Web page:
SAHARA MUSTARD'S VERY LOW SOIL NUTRIENT REQUIREMENTS. When comparing this mustard to another common Mojave desert weed like the Filaree: The very low soil nutrient level where the Sahara Mustard is shown growing in the photo, is only 65% of the minimum nitrogen level, 70% of the minimum phosphorus level, and 46% of the minimum potassium level necessary for Filaree's survival!
"THE GREAT WALL OF MUSTARD" -- US 95 San Bernardino County, between I-40 and the Nevada border, the most interesting stand of Sahara mustard in the California desert---"The Great Wall of Mustard" really takes your breath away. See more photos on the survey page link below for SAN BERNARDINO COUNTY, US 95.
Photo May 19, 2005
Source of Original infestation:
1.) Original Source of California desert infestation may have been a Caltrans roadside infestations in the Coachella Valley, and the original Mojave infestation only got started eight years ago at the junction of Cal. 177 and Cal. 62 in Riverside County.
2.) Current centers and major sources of infestations are:
a.) the sand dune areas in the Coachella Valley, and the sand dunes along Cal. 62
b.) the BLM ORV areas like Jawbone Canyon in Kern County along Cal. 14, and Stoddard Valley along Cal. 247, and any other dune habitat in the California desert where ORV use occurs. The ORV are the major source of new infestations getting started in the desert.
c.) Anza Borrego State Park and vicinity.
d.) All Caltrans maintained roadsides, where the shoulders are graded. The mustard likes to grow in the pushed up disturbed soil at the edge of the grader's blade.
e.) Has now spread eastward along the desert Interstates to infest southern Utah, Lake Mead in Nevada and throughout western and southern Arizona from Parker and Yuma to Tucson, and is also in Glen Canyon and the Grand Canyon National Park.
Infestation currently spread via:
1.) Caltrans roadside grading of shoulder spreading seeds and plants along road edge
2.) ORV areas that are infested, the ORVs carry the seed pods caught on their vehicles to cause new infestation elsewhere.
3.) According to Lake Mead once the plants get established along roadsides, then animals may be caching the seeds into the desert. Also when plants die in the summer, they dry, break off and move like tumbleweeds into the desert, and when they bounce along the ground seed pods are shattered and seeds are released.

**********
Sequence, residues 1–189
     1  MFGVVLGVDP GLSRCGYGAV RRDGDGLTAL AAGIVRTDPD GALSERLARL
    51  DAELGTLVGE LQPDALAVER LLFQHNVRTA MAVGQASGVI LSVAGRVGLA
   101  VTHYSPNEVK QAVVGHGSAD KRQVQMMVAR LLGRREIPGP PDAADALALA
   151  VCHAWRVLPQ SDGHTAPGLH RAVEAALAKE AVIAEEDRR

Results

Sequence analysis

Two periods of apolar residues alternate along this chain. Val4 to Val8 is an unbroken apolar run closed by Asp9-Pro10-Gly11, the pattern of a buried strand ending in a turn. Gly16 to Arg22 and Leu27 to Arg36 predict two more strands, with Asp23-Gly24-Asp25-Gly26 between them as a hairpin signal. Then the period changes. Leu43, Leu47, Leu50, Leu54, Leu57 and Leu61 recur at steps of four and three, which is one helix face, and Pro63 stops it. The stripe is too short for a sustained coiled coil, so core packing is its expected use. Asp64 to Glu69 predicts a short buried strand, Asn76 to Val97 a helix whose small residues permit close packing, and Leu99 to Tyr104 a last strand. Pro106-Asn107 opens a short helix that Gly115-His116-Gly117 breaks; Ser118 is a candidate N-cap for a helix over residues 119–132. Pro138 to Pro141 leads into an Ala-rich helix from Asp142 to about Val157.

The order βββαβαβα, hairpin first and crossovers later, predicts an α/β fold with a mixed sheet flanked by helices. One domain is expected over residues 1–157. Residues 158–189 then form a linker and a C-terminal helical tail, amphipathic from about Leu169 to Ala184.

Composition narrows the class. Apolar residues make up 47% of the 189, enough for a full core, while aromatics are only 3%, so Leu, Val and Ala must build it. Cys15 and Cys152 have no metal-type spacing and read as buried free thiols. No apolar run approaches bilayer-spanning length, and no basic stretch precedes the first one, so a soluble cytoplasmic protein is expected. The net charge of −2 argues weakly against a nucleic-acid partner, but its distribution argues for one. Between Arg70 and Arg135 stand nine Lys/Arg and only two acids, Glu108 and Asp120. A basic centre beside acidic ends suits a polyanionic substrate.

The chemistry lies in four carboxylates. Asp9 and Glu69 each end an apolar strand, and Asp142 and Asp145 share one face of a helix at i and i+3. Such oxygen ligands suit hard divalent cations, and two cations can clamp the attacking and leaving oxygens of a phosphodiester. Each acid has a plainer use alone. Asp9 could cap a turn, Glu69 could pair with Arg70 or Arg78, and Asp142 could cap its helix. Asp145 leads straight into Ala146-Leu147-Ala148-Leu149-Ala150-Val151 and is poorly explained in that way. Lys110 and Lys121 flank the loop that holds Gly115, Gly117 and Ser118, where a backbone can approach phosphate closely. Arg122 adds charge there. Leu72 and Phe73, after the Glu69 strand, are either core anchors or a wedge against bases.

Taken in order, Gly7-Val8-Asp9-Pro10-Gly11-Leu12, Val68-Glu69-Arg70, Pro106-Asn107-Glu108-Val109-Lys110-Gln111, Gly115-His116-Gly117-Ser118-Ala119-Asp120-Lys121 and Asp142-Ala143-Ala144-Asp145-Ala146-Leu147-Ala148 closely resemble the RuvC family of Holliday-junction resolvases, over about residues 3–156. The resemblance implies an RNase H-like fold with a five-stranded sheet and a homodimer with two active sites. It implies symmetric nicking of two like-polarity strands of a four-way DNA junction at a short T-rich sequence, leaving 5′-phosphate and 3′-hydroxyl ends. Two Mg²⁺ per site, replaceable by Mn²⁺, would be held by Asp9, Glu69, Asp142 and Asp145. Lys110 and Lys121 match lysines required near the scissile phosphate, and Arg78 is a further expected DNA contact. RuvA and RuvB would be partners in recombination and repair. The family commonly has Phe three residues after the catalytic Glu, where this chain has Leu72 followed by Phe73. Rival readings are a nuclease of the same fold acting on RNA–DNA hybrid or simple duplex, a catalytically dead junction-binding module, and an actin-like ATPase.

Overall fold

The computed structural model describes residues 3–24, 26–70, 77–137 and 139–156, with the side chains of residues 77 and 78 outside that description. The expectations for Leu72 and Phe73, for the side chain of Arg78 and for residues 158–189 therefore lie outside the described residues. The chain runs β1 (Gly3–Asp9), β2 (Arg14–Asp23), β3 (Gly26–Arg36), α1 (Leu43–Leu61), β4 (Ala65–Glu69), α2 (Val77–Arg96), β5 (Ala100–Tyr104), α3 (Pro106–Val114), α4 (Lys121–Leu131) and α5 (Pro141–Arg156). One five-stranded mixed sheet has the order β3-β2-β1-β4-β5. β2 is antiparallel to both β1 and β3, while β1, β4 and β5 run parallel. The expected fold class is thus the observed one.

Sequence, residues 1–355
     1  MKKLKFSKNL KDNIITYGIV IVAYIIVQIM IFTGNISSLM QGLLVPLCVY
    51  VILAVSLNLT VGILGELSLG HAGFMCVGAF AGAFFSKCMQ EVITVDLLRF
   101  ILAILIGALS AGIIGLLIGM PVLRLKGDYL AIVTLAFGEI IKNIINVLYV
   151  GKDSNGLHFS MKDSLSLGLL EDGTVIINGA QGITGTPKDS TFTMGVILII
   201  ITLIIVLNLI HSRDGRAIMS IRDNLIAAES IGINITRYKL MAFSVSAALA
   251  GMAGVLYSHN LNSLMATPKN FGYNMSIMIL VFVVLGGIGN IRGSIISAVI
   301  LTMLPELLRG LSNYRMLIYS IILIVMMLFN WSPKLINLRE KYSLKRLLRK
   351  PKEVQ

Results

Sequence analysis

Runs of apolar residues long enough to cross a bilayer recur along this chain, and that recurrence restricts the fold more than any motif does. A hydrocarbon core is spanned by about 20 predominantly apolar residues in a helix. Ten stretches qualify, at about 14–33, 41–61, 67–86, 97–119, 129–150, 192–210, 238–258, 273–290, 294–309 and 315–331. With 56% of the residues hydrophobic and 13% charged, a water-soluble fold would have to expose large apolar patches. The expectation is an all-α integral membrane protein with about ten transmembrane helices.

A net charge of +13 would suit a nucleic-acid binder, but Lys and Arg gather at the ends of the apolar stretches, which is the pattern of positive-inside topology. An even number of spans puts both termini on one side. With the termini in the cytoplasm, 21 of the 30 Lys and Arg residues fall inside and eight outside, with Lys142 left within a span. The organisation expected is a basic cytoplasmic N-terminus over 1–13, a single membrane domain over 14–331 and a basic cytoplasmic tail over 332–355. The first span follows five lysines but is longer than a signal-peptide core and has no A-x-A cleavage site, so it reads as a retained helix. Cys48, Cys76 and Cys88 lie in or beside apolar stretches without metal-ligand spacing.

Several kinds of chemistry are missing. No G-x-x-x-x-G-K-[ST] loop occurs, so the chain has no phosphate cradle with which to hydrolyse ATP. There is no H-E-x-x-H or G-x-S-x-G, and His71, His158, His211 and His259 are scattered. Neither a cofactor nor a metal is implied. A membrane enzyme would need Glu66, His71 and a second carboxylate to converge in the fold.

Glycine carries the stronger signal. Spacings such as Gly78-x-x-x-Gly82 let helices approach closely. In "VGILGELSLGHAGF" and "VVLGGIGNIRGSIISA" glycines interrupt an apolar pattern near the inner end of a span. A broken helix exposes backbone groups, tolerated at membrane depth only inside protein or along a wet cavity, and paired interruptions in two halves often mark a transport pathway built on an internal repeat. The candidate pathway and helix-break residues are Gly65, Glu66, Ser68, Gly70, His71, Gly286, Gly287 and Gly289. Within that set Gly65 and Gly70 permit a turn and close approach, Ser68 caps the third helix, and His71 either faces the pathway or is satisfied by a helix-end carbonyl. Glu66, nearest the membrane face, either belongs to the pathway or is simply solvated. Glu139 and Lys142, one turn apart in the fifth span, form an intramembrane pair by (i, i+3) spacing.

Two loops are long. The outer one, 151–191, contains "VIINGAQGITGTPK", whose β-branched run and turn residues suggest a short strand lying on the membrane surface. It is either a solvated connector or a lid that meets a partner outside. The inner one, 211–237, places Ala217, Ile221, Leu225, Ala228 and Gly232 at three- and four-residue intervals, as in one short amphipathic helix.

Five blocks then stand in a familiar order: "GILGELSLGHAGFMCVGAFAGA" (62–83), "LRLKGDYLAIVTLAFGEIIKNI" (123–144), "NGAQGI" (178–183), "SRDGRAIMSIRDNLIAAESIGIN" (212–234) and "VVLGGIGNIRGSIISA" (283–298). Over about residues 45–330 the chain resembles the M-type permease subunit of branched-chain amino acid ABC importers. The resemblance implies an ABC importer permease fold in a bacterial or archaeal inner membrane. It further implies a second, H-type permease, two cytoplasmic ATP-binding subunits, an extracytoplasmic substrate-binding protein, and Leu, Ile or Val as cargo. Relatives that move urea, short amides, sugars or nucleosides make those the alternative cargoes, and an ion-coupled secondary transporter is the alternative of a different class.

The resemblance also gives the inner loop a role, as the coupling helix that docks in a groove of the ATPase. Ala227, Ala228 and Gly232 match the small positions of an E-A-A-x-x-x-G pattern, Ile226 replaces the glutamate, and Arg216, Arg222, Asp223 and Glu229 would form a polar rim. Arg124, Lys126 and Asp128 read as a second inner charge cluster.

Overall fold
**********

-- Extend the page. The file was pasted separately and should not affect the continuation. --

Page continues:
4.) The plant when it is it's tumbleweed phase, normally was blown by the wind down dry washes as"Sahara mustard highways", where the plants eventually got caught in rocks or bushes lining the washes, and new plants would spring up there. Now the roads that we've built or carved through the desert are acting like the dry washes, creating arteries for the mustards to move quickly down.
5.) Plants initially colonize areas of bare soils: Graded
roadsides, edges of unpaved vehicle tracks, abandoned fields,
and overgrazed lands like the bare interspaces underneath or between
shrubs in deserts---anywhere there has been catastrophic removal
of the indigenous local native ecosystem, and where the plant
does not encounter any competition.
The plant could be considered a "default space-filler", colonizing and filling by default the bare areas in an arid lands ecosystem created by human activities. The plant also colonizes naturally-occurring bare areas, like the edges of dry washes and sand dunes.
Sahara Mustard Seeds and Seedlings
While working out the germination requirements on Sahara mustard, I stumbled on two dormancies in fresh seed, that I haven't seen reported in the literature before:
1.) Cold-moist stratification requirement until August.
Fresh seed of the Sahara mustard has an interesting cold-moist
stratification requirement until August 1-7th of the same year
that the seed was produced. After the first week in August, the
seeds will germinate at will at room temp. without any cold-moist
The June-August 1st. dormancy is to protect the seeds from sprouting, due to summer showers, so the seed is only sensitive during that period to adequate moisture plus cold of between 33 deg. F. and 40 deg. F., for about 24 hours.